Thailand considers a gamble on Singapore-style casinos, online betting to boost state coffers. Will it pay off?

Thailand considers a gamble on Singapore-style casinos, online betting to boost state coffers. Will it pay off?

MONEY LOST ACROSS THE BORDER

The current sources of online gambling Thailand are illegal and have long been connected to various criminal activities, such as money laundering, drug and human trafficking.

Extensive scamming operations working in close proximity to gambling dens in border areas have been well documented.

Thai police officers have also been connected to such illicit activities. Last September, several officers were found to be involved in running illegal online gambling sites, which led to raids at multiple locations, including houses belonging to Thailand’s deputy national police chief Surachate “Big Joke” Hakparn.

At present, it is estimated that vast sums of Thai money are leaking out of the country via illegal gambling, offshore and online.

Legalising on-site casinos has been framed as one solution to diverting money away from such activity, into the coffers of the government instead.

Mr Karit Pannaim, a Move Forward Party MP and member of the parliamentary committee studying the legalisation proposal said he believes legal casinos could make a dent in the illegal activities occurring in border gambling dens, including in the province he represents, Tak, on the border with Myanmar.

“If we have an entertainment complex, we will reduce the money that flows along the borders,” he said.

But identifying the scale of illegal gambling in Thailand is very difficult, according to Dr Nualnoi. She said the COVID-19 pandemic resulted in a sharp rise in online gambling within the country, when gamblers were unable to cross the border.

Her centre’s research found that the number of online gamblers in Thailand doubled to 1.9 million people in 2021 during the worst of the lockdown periods. Gross gaming revenue in the country was estimated at US$2.8 billion for that year.

“A lot of them play inside the country now. And the ones who are providing this online gambling are all Thai,” she told CNA.

“If you have legal casinos, it doesn’t mean illegal casinos will disappear. It’s another story,” said. “When you have legal casinos, you need to supplant the illegal ones, otherwise they’re just other places for people to gamble in the country.”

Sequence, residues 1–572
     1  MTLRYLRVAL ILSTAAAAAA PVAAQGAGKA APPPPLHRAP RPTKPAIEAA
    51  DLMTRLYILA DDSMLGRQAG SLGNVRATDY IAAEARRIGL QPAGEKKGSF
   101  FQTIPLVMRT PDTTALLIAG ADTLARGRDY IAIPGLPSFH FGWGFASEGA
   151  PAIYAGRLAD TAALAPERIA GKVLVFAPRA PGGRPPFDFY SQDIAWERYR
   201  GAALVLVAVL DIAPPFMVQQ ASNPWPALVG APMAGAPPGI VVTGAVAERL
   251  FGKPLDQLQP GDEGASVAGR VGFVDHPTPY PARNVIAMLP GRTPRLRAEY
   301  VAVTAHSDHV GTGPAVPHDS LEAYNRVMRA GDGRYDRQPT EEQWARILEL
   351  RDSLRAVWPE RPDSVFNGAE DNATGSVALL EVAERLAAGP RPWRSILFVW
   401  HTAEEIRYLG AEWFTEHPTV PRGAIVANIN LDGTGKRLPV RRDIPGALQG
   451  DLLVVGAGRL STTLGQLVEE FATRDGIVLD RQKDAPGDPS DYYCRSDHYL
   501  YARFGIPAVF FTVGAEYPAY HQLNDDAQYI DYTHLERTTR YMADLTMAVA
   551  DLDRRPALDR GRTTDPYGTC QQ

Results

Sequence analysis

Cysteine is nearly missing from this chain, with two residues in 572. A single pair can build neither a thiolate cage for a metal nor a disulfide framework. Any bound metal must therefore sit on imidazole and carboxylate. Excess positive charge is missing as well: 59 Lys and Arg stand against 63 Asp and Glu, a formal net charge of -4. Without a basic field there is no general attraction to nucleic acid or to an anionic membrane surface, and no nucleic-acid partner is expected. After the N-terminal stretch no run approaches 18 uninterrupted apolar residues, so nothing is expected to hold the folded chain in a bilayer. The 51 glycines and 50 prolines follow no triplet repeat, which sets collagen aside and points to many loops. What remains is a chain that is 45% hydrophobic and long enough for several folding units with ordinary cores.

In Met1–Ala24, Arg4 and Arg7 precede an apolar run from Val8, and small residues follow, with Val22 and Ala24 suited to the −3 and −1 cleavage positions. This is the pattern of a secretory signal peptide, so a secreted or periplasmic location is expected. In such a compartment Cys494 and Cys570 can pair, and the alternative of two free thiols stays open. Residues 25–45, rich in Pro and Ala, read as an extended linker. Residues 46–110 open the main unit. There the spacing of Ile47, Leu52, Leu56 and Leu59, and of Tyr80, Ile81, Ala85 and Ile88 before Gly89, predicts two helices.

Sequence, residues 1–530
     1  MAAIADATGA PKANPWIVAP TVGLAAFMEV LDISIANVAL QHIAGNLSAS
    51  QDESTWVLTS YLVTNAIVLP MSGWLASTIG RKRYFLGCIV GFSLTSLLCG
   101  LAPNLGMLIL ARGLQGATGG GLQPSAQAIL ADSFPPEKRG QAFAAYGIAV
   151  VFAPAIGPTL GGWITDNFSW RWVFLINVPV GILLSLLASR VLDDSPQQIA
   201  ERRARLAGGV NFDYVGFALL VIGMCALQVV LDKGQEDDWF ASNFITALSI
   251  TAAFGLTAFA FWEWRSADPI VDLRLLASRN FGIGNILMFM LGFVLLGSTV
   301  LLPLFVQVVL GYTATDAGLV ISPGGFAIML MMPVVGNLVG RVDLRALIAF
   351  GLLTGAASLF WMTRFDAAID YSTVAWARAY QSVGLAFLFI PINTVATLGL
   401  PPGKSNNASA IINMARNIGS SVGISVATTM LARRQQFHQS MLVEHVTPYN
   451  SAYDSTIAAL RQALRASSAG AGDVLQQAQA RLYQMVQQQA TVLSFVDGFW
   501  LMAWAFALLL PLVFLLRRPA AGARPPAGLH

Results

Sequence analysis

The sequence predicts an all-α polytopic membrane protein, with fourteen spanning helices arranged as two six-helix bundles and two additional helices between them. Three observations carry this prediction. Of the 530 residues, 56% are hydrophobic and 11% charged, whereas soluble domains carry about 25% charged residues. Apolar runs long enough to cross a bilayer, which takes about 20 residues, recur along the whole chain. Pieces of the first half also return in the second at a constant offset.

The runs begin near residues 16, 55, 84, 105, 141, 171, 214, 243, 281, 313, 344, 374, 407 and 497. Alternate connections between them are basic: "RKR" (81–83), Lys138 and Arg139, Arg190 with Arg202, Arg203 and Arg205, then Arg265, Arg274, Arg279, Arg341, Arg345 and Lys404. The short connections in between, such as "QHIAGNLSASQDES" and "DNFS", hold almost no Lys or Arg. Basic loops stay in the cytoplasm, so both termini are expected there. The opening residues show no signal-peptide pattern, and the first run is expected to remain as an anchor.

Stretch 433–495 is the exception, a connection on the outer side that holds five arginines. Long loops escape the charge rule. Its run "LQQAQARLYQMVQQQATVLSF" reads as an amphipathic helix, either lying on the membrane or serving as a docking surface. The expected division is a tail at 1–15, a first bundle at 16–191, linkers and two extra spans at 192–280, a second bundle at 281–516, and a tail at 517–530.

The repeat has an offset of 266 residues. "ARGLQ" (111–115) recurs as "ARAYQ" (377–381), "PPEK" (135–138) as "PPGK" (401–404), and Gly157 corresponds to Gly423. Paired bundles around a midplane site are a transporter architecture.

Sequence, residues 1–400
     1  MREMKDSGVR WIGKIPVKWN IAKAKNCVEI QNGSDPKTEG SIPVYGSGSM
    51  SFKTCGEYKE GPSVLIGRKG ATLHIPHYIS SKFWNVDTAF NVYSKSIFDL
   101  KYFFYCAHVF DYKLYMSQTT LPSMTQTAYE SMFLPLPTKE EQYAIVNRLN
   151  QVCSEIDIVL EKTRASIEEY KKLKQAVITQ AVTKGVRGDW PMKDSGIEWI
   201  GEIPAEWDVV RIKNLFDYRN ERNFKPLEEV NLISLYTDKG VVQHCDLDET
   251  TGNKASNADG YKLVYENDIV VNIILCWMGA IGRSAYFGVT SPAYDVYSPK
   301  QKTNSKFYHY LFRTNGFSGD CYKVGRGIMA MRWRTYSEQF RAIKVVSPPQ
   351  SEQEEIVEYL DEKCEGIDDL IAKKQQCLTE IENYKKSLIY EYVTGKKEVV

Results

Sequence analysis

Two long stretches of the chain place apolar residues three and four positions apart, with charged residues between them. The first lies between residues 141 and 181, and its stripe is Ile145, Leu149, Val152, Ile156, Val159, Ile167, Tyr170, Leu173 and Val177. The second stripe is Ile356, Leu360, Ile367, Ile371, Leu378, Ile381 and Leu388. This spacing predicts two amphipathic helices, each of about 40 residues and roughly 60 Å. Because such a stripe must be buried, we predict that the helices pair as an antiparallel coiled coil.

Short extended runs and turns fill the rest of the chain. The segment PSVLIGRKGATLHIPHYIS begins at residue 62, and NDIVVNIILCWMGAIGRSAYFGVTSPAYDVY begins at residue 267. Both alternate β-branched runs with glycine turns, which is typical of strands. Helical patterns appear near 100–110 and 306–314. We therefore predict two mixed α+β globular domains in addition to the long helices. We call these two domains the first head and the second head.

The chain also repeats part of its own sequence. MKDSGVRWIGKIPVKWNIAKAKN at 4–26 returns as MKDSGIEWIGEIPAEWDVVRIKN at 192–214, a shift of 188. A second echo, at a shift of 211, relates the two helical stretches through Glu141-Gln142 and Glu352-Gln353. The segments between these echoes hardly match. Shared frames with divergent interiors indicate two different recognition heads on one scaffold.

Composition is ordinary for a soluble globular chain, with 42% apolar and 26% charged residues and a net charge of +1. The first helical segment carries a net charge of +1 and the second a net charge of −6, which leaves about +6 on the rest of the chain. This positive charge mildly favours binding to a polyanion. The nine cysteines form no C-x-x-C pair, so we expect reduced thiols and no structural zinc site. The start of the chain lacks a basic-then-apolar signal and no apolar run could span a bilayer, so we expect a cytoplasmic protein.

Mr Thanakorn Komkris, the secretary-general of Stop Gambling Foundation, said without a proper crackdown on such illegal operations, Thailand cannot hope to have a sustainable gambling industry.

“If we don’t want the people to spend money outside the country, the government should put pressure in every way possible to stop people from accessing this (illegal gambling). Legal gambling doesn’t decrease illegal gambling,” he said.

The government announced last year that it had shut down thousands of gaming sites and dealt with thousands of illegal gambling cases.

Mr Thanakorn said he is still worried that the government will rush legislation that does not ensure the industry is properly controlled and managed. 

“I’m also afraid that it will be done in a way that it’s an excuse to do a ‘sandbox’ or they legalise it first and do the control measures after, like the decriminalisation of cannabis,” he said.

The legalisation of cannabis in Thailand in 2022 – namely allowing its possession, cultivation, distribution, consumption, and sale – came hard and fast. 

Throughout the country, especially in popular tourist cities, marijuana dispensaries surfaced at a rapid pace and the industry had enjoyed freewheeling liberties to expand. This month, the government said it would urgently introduce a bill to ban recreational use of the drug.

“We have a lot of lessons about doing it first and fixing it later. We can’t do this because we will not be able to catch up with problems or stop it later,” Mr Thanakorn said.

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